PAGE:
Flower cress is a joy to grow! Strong-growing and richly flowering without requiring much, what more could a man wish for?
With its strong colours, the flower cress offers sunshine even during an overcast and slightly chilly summer! It is a classic in both flower beds and pots, it is both richly flowering and strong growing.
Flower cress thrives perfectly together with other easy-to-grow favourites, here with marigold. Photo: Lovisa Back
Flower cress can be sown directly at the end of May or beginning of June. If you want to bet on extra early flowering, you can sow the seeds indoors earlier. Since cress grows quite quickly and can soon become really big, you don't need to start too early, 2–3 weeks before planting is usually enough.
Soak the seeds a day before sowing, so that they germinate more easily. The seeds are quite large and should be sown about 2 cm deep.
At the front of the flower bed, the creeper 'Crazy Jewel' spreads over the aisle. Choose for yourself whether you tie up the vines or not. Photo: Annika Christensen
Just like many other plants, flower cress wants openings and moderately moist soil. However, it is a tough guy that usually settles for most soils.
Cress grows best in sun to partial shade. They grow on even in the shade, but don't bloom as much.
Just like many other summer flowers, it is a good idea to pick off overblooming flowers. When the plant begins to set seed, the flowering subsides.
Cress generally does not need very much nutrition. Too much of the good stuff can, on the contrary, lead to the absence of flowering and to mostly a lot of leaves. Of course it's also beautiful, but a shame for those who were hoping for floral splendor.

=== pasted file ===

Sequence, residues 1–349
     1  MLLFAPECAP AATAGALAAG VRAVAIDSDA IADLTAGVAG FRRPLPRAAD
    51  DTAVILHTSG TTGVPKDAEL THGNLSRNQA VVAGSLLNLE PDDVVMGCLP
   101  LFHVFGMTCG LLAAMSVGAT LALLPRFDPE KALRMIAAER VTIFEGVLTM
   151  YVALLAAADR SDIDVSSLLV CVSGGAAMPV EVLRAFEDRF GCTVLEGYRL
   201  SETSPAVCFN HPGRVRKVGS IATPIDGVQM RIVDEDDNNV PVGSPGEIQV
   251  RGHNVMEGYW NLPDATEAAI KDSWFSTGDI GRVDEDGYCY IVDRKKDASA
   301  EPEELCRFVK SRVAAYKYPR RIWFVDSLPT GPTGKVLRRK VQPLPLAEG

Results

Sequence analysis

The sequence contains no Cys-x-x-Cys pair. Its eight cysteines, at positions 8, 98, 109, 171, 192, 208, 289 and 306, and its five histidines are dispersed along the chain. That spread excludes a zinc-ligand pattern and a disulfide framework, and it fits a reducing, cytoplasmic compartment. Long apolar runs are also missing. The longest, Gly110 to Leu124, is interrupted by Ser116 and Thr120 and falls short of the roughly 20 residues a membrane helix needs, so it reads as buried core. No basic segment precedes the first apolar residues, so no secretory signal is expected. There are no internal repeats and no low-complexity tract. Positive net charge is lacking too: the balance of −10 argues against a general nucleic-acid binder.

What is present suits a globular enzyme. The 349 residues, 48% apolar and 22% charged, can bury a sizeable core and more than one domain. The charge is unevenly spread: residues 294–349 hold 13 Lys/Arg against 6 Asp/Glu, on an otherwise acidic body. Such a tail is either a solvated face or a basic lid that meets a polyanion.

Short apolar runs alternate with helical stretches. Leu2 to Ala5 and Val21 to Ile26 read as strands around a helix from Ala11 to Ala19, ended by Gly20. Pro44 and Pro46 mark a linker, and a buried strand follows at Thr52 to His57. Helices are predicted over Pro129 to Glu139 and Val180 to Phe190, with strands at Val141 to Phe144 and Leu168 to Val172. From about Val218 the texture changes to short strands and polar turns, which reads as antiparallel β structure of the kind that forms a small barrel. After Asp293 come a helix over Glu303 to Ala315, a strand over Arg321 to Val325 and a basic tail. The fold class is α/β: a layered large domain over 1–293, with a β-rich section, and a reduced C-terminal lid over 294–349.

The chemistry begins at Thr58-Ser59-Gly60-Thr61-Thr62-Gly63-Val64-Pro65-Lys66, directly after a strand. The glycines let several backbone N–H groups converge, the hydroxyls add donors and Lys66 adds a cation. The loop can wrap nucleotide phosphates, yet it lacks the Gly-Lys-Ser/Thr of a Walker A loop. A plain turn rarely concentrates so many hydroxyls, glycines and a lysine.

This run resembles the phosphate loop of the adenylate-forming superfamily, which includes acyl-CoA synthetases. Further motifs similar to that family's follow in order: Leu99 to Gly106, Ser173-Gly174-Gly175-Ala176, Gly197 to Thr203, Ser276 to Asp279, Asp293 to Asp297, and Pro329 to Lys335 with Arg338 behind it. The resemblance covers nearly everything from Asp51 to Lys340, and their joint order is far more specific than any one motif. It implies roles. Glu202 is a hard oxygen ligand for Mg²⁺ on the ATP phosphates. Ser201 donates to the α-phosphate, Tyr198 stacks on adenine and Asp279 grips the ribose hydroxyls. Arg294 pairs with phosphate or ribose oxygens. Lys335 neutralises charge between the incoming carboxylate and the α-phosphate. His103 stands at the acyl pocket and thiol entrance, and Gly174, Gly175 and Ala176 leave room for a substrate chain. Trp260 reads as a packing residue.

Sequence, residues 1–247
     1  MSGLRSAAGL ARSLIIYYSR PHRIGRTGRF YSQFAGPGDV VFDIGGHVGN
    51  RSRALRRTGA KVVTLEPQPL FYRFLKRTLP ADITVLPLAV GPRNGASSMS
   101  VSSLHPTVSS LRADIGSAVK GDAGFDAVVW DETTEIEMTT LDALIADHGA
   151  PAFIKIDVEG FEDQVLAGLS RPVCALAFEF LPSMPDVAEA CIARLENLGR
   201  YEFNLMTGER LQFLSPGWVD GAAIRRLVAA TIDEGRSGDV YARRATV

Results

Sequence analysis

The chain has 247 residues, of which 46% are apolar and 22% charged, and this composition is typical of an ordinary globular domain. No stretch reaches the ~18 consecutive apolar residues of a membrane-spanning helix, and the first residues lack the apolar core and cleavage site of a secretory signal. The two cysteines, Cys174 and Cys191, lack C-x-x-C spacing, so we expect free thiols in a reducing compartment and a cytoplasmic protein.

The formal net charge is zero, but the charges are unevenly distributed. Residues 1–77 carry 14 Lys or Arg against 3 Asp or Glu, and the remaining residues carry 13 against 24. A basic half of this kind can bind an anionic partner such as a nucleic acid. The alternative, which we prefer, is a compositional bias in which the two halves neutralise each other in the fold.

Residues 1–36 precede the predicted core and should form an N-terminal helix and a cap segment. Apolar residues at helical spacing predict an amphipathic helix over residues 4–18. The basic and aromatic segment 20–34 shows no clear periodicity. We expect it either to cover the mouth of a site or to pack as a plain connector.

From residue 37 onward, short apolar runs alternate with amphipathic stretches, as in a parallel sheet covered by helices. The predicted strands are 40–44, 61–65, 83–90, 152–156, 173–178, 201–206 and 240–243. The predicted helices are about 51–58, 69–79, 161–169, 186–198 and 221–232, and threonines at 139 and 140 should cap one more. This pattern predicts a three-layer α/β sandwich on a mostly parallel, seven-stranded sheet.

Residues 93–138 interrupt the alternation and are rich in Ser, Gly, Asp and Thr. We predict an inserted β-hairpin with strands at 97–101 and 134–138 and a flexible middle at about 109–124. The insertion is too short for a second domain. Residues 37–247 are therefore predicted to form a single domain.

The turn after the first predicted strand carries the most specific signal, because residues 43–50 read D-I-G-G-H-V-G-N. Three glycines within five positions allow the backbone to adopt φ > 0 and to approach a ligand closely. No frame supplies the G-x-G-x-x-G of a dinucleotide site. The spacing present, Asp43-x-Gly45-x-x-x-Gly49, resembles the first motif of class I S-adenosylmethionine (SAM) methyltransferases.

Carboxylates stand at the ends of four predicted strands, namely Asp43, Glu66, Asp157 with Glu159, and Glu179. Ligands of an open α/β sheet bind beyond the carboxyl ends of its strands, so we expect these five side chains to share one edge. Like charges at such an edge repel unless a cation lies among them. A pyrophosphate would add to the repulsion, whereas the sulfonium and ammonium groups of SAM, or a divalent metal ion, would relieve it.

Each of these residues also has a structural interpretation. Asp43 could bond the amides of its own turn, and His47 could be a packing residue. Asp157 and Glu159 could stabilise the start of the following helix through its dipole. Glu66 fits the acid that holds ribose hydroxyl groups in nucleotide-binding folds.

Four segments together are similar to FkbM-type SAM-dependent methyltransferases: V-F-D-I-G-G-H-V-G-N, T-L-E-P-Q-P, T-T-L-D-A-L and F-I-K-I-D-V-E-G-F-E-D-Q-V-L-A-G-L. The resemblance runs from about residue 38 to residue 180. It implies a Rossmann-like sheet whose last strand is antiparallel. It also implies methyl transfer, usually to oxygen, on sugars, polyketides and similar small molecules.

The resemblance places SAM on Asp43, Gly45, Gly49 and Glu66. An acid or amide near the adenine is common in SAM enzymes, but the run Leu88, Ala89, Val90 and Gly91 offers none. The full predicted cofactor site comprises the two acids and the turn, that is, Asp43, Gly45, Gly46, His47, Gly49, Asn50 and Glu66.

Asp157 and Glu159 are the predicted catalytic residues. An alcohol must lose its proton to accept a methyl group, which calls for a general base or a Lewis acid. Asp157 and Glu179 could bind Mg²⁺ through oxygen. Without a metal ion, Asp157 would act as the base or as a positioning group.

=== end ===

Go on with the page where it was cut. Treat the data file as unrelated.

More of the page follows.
In general, you do not need to top – that is, cut off – flower cress.
Flower cress is grown as a yearling and the plant dies at the edge of autumn. However, it happens that it self-sows if you let it go to seed. The self-sown plants are easy to recognise thanks to the round, disc-shaped leaves.
Both leaves and flowers are edible - they are great for decorating summer salads with. The flower cress blooms profusely and invites you to flower crafts! Photo: Annika Christensen
Flower cress is edible, which is why it is commonly grown among the vegetables in the kitchen garden. Both leaves and flowers have a peppery taste and the seeds can be added like capers.
Flowering cress is usually divided into shrub cress and creeping cress. Both have trumpet-shaped flowers but the plants differ in growth habit - the shrub grass becomes a small shrub, the creeper grass grows long vines.
Another variety, which is a different species but in the same genus as the flower cress, is the butterfly cress. It grows high and is cultivated as an annual up here in the north. It got its name for its lobed flowers. It also has fantastic, five-lobed leaves.
Crazy Jewel is a mix with the yellow 'Primrose Jewel' and red 'Mahogony Jewel'. If you only want yellow flowers, you can choose 'Golden Globe' or 'Peach Melba'. If you want to grow the red ones, there is the variety 'Whirlybird Mahogny'.
If you want something more discreet, 'Black Velvet' is a good choice. As the name suggests, the flowers are dark velvety red. Also 'Salmon Baby' differs from the yellow and red geni, as double, salmon-pink flowers.
'Yellow Troika' is a lot of everything! The yellow flowers have red centres and the green foliage is beautifully speckled with white. 'Milkmaid' is more discreet with lovely creamy yellow flowers with a golden centre.
Seeds for creeping watercress are also available in several lovely mixing bags. 'Out of Africa' flowers in shades of yellow, orange and red and is particularly splendid with its greenish-white foliage.